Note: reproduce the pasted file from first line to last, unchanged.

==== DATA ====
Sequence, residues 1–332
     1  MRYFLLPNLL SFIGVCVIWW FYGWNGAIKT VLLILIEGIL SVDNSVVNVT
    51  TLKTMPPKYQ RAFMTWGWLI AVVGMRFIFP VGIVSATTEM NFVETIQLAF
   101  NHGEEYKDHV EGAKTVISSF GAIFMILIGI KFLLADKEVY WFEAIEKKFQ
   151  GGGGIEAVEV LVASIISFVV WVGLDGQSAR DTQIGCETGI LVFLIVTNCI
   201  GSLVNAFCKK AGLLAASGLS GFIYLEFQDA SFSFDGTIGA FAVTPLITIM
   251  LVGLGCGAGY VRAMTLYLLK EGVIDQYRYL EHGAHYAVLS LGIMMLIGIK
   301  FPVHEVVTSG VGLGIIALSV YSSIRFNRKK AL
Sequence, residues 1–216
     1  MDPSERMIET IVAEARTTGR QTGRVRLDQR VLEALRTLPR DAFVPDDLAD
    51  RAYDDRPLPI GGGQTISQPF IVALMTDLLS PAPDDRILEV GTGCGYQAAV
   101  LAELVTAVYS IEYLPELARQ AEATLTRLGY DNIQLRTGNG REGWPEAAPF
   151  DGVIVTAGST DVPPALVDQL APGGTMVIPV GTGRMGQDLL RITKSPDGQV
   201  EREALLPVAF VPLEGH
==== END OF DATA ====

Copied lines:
Sequence, residues 1–332
     1  MRYFLLPNLL SFIGVCVIWW FYGWNGAIKT VLLILIEGIL SVDNSVVNVT
    51  TLKTMPPKYQ RAFMTWGWLI AVVGMRFIFP VGIVSATTEM NFVETIQLAF
   101  NHGEEYKDHV EGAKTVISSF GAIFMILIGI KFLLADKEVY WFEAIEKKFQ
   151  GGGGIEAVEV LVASIISFVV WVGLDGQSAR DTQIGCETGI LVFLIVTNCI
   201  GSLVNAFCKK AGLLAASGLS GFIYLEFQDA SFSFDGTIGA FAVTPLITIM
   251  LVGLGCGAGY VRAMTLYLLK EGVIDQYRYL EHGAHYAVLS LGIMMLIGIK
   301  FPVHEVVTSG VGLGIIALSV YSSIRFNRKK AL
Sequence, residues 1–216
     1  MDPSERMIET IVAEARTTGR QTGRVRLDQR VLEALRTLPR DAFVPDDLAD
    51  RAYDDRPLPI GGGQTISQPF IVALMTDLLS PAPDDRILEV GTGCGYQAAV
   101  LAELVTAVYS IEYLPELARQ AEATLTRLGY DNIQLRTGNG REGWPEAAPF
   151  DGVIVTAGST DVPPALVDQL APGGTMVIPV GTGRMGQDLL RITKSPDGQV
   201  EREALLPVAF VPLEGH